That the mountain we were camped under was full of dwarves and other creatures was hard enough for us to believe at first, here in the truly frozen arse-end of the world. That they had carved vast tunnels, halls, forges and workshops into the very flesh of Sagarmartha herself was incredible to behold as we were led through them by Sham to where Alexander waited. It was, however, a night for many legends to come to life. With something between sheer, scrotum pinching terror and abject sadness, we each, in turn met her and learned of how she came to be the very last Dragon on Earth. She then gave us each a choice and gave us a taste of the future. I am confident that there was never any doubt as to what our choice would be.



Surely die up here in the ever-lasting cold or walk out of her presence reborn as something the like of which the world had never before seen. First us 300 Dracograth, then Lupernikes and his 10,000 Kalshodar. We all saw that Alexander was already changed and what that might mean. We all knew, deep down, in our most secret of hearts that his Great Dream was indeed but a dream. We would never have been able to hold what we had already taken for long, let alone all the lands between sunrise and sunset. Alexander would die one day, though he was the son of a god and more than mere man. We, who shared his vision would also die. If the Empyraeum died not with him, it would surely die with us. The moment Alexander died; human nature would turn brother against brother as men scrabbled for scraps like hounds under their master's table at feast. The Empyraeum would be torn asunder like the bones of that feast in the hound's jaws. 


Unless Alexander did not need to die. Not ever or at all. Unless his army, the best and most loyal of them could remain by his side for all time. Who among those who loved him could refuse such an offer? The incredible changes to our bodies and the unrivalled equipment the dwarves gave us were just sauce upon the already irresistible dish!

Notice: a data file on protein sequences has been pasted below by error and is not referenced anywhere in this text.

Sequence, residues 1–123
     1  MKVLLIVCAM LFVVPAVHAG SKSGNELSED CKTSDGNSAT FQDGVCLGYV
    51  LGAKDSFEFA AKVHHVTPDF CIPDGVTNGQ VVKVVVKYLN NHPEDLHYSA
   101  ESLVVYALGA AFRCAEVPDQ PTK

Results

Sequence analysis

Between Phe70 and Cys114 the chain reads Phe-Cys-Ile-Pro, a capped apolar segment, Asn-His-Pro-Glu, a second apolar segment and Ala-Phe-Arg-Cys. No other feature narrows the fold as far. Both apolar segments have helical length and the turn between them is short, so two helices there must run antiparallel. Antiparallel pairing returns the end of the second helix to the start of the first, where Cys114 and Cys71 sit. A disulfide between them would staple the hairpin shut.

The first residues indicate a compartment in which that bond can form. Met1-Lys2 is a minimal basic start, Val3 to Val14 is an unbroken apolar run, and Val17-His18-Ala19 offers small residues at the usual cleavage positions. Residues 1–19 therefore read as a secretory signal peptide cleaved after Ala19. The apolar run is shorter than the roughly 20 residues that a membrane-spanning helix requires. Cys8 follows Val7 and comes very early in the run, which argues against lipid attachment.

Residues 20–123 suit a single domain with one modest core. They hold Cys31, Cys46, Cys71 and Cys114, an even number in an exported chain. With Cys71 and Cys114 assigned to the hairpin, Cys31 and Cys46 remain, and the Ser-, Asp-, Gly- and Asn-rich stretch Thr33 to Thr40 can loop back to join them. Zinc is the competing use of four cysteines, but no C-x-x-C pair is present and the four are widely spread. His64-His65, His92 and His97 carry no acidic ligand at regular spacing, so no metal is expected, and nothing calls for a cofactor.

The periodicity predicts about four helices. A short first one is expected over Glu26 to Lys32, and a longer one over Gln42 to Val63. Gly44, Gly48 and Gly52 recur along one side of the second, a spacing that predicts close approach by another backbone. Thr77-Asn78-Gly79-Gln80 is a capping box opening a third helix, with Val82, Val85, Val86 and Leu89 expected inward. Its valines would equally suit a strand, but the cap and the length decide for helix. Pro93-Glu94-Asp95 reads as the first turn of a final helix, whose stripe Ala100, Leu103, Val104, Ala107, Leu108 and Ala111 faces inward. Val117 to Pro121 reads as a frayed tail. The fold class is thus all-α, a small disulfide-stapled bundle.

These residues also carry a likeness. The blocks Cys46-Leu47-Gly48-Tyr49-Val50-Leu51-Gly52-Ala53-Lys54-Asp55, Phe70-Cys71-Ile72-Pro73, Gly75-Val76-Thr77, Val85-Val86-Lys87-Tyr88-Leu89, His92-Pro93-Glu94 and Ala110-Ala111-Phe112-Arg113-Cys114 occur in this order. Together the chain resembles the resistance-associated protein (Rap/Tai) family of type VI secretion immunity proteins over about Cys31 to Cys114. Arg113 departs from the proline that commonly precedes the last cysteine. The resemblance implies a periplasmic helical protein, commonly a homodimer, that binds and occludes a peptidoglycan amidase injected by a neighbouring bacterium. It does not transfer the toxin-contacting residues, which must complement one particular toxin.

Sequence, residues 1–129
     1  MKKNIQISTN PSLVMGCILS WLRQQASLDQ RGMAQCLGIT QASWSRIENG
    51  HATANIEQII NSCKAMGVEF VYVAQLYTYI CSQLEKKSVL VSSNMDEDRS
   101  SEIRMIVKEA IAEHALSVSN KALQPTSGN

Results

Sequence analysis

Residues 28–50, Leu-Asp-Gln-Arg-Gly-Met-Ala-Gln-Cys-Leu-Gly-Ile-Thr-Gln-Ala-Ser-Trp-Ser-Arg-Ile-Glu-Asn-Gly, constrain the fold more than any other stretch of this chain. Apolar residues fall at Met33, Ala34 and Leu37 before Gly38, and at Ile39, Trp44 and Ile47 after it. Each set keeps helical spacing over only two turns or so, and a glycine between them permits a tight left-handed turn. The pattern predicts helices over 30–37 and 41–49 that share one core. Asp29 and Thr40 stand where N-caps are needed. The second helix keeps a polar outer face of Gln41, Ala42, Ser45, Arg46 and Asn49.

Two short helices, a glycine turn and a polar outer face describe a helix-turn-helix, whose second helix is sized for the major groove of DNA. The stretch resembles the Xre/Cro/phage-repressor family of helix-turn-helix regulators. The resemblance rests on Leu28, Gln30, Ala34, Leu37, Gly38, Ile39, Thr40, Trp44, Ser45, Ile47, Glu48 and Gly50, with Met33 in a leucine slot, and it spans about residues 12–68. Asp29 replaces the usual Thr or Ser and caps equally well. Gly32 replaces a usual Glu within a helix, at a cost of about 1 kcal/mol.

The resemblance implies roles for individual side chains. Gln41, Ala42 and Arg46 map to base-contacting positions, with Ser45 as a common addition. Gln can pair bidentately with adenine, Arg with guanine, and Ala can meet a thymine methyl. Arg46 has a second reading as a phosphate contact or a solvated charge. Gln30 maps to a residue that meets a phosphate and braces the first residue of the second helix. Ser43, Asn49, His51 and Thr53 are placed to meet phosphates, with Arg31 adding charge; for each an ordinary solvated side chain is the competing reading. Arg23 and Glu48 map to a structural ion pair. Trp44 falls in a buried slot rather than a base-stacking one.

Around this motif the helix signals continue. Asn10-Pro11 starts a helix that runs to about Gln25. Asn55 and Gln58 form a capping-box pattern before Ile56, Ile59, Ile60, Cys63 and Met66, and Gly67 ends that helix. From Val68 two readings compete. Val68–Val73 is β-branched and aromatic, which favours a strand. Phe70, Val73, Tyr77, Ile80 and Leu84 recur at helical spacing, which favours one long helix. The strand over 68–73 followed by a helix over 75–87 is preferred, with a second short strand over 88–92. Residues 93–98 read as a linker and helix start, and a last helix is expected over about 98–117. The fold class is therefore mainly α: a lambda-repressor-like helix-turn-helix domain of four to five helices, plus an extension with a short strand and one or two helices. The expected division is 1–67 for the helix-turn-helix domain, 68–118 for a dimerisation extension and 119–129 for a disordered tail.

That day we marched from out the mountain back into the camp marked the drastic change, the pivotal day that led to the Empyraeum we now know. The faces of the mortal soldiers as we - like autómata of Hephaestus or Ares - strode into their awestruck midst! It was odd, we mused later, just how quickly we called them mortals. Dangerous indeed it would be to forget where we - the Dragon Born, the Flame Born, the Re-Made Ones - had come from. To forget that we were, at least, once human. 


The Bloodless Conquest they later called it, our march out from that wind-blasted plain. The gold of Alexander and his Dracograth out in front, the silver and black massed ranks of the Kalshodar striding behind yet before the mortals that remained. "Bloody boring" is what Korae called it as Kalliades, I and others laughed along with him. We; an army of new soldiers superior to any force on Earth found no-one to contest our passage first East, then West. We were witnesses to whole nations bending the knee to Alexander without a single sword being drawn, a single drop of blood spilled. It truly did get boring after a while!